# PlanetPhysics/Locally Compact Groupoid

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A locally compact groupoid  $\displaystyle \grp_{lc}$
is defined as a groupoid that has also the topological structure of a second countable, locally compact Hausdorff space, and if the product and also inversion maps are continuous. Moreover, each $\displaystyle \grp_{lc}^u$
as well as the unit space $\displaystyle \grp_{lc}^0$
is closed in $\displaystyle \grp_{lc}$
.


Remarks: The locally compact Hausdorff second countable spaces are analytic . One can therefore say also that $\displaystyle \grp_{lc}$ is analytic. When the groupoid $\displaystyle \grp_{lc}$ has only one object in its object space, that is, when it becomes a group, the above definition is restricted to that of a locally compact topological group; it is then a special case of a one-object category with all of its morphisms being invertible, that is also endowed with a locally compact, topological structure.

Let us also recall the related concepts of groupoid and topological groupoid, together with the appropriate notations needed to define a locally compact groupoid .

Recall that a groupoid $\displaystyle \grp$ is a small category with inverses over its set of objects $\displaystyle X = Ob(\grp)$ ~. One writes $\displaystyle \grp^y_x$ for the set of morphisms in $\displaystyle \grp$ from $x$ to $y$ ~. A topological groupoid consists of a space $\displaystyle \grp$ , a distinguished subspace $\displaystyle \grp^{(0)} = \obg \subset \grp$ , called {\it the space of objects} of $\displaystyle \grp$ , together with maps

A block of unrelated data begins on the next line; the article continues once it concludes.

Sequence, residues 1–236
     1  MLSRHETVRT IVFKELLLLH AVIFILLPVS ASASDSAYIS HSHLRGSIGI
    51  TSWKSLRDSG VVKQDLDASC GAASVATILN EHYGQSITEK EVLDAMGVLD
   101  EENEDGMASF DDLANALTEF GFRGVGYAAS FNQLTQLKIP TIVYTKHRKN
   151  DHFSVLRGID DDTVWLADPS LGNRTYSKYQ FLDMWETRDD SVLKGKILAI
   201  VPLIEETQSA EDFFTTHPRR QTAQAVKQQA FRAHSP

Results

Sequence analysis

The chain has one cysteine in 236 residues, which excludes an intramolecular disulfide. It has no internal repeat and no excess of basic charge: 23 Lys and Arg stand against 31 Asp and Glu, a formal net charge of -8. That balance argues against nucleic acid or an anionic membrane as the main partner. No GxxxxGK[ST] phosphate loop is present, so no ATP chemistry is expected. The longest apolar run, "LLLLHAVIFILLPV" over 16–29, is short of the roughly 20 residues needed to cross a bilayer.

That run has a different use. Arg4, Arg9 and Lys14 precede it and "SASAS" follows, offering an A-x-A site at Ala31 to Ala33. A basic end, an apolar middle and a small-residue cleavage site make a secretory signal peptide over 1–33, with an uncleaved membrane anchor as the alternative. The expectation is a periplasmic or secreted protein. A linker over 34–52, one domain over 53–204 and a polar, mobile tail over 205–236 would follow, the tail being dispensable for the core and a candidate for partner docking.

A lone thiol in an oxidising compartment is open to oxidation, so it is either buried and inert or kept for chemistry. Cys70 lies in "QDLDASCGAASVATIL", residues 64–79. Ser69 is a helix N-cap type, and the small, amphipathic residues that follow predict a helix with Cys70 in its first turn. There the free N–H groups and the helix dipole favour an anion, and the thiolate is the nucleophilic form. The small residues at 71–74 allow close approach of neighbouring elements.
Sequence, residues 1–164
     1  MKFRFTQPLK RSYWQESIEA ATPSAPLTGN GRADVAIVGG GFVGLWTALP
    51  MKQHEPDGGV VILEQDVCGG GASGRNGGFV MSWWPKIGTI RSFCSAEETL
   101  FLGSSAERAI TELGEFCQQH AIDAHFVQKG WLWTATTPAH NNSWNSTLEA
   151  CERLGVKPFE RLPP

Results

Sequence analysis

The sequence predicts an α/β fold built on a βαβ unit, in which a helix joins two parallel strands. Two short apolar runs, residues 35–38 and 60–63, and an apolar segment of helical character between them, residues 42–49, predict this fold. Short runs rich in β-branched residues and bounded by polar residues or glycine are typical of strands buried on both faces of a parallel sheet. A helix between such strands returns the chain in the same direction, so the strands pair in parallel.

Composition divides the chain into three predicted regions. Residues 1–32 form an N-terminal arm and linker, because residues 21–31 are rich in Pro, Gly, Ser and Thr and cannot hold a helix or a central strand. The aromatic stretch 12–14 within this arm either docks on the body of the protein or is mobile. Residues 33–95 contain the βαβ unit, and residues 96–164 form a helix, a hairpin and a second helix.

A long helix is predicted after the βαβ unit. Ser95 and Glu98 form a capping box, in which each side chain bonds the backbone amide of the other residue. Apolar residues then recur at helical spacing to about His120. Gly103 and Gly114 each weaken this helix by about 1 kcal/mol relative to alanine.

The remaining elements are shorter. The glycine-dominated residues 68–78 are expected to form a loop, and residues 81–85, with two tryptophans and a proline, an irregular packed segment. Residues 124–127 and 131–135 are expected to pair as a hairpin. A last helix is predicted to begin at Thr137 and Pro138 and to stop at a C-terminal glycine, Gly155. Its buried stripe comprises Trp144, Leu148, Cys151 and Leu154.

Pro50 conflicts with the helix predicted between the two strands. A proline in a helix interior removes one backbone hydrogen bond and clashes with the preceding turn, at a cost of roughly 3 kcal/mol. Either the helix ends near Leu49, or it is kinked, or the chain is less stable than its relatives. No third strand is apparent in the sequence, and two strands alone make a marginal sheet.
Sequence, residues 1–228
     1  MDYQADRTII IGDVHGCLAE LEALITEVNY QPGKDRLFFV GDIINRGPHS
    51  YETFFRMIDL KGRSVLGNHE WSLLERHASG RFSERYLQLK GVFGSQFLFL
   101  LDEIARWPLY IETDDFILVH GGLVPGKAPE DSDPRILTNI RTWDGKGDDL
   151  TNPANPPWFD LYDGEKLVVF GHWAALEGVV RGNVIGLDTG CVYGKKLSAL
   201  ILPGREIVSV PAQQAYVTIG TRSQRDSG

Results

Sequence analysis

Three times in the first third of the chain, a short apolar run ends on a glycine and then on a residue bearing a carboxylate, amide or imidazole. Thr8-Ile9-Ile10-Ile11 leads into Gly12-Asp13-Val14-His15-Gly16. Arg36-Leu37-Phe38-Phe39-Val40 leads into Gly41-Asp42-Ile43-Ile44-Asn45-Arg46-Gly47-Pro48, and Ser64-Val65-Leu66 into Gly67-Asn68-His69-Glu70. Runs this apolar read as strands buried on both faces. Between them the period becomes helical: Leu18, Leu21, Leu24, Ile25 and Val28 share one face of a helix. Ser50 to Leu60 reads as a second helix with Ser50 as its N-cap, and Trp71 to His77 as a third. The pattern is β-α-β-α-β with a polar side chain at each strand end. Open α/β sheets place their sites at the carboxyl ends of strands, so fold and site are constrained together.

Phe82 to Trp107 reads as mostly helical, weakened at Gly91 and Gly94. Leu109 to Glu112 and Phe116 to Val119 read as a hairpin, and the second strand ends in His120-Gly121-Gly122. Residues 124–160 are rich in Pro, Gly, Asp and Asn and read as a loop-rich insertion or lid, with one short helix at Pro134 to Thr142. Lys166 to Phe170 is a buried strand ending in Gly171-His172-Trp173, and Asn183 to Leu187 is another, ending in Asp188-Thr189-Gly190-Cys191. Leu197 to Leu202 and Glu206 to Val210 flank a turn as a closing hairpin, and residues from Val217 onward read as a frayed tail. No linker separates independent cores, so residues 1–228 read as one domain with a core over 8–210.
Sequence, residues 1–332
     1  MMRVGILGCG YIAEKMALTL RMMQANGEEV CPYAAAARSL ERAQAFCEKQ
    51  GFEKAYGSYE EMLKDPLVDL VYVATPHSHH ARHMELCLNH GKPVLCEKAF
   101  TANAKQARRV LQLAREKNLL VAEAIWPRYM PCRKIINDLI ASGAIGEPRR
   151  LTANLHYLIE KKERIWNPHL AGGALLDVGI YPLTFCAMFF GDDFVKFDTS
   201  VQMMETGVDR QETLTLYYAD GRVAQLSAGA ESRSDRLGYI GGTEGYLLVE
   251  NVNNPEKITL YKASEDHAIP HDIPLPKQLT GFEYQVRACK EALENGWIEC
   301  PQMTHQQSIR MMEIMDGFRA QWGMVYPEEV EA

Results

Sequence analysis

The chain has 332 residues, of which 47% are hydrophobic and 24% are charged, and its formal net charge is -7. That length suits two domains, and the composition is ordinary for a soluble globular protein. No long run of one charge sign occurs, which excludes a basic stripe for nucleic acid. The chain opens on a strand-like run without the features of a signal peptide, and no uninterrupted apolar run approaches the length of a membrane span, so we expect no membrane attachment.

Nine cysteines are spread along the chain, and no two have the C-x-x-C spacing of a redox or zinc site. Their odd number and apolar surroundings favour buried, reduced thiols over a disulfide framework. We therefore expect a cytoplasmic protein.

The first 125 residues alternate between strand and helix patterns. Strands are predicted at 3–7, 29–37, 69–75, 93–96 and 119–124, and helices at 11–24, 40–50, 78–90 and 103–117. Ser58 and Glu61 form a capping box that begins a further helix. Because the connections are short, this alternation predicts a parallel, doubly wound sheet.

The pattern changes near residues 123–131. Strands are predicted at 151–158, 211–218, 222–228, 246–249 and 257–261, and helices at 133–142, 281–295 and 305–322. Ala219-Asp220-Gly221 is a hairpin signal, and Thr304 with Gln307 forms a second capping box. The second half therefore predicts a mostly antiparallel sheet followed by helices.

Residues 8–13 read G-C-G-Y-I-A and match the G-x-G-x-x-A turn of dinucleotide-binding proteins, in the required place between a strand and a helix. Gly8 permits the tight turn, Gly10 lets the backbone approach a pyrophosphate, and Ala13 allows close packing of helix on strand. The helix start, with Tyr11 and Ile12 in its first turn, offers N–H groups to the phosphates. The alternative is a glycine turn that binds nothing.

$\displaystyle r,s~:~ \xymatrix{ \grp \ar@<1ex>[r]^r \ar[r]_s & \grp^{(0)} }$

called the {\it range} and {\it source maps} respectively,

together with a law of composition

$\displaystyle \circ~:~ \grp^{(2)}: = \grp \times_{\grp^{(0)}} \grp = \{ ~(\gamma_1, \gamma_2) \in \grp \times \grp ~:~ s(\gamma_1) = r(\gamma_2)~ \}~ \lra ~\grp~,$

such that the following hold~:~

\item[(1)] [/itex]s(\gamma_1 \circ \gamma_2) = r(\gamma_2)~,~ r(\gamma_1 \circ \gamma_2) = r(\gamma_1)$~,forall$ (\gamma_1, \gamma_2) \in \grp^{(2)}$\displaystyle ~. \item[(2)] $s(x) = r(x) = x$ ~, for all $\displaystyle x \in \grp^{(0)}$ ~. \item[(3)]$\gamma \circ s(\gamma) = \gamma~,~ r(\gamma) \circ \gamma = \gamma$~,forall$ \gamma \in \grp$\displaystyle ~. \item[(4)]$ (\gamma_1 \circ \gamma_2) \circ \gamma_3 = \gamma_1 \circ (\gamma_2 \circ \gamma_3)$\displaystyle ~. \item[(5)] Each $\gamma$ has a two--sided inverse $\gamma ^{-1}$ with$\gamma \gamma^{-1} = r(\gamma)~,~ \gamma^{-1} \gamma = s (\gamma)$\displaystyle ~. Furthermore, only for topological groupoids the inverse map needs be continuous. It is usual to call [itex]\grp^{(0)} = Ob(\grp)$ {\it the set of objects} of $\displaystyle \grp$ ~. For $\displaystyle u \in Ob(\grp)$ , the set of arrows $\displaystyle u \lra u$ forms a group $\displaystyle \grp_u$ , called the isotropy group of $\displaystyle \grp$ at $u$ .

Thus, as is well kown, a topological groupoid is just a groupoid internal to the category of topological spaces and continuous maps . The notion of internal groupoid has proved significant in a number of fields, since groupoids generalize bundles of groups, group actions, and equivalence relations. For a further study of groupoids we refer the reader to ref. .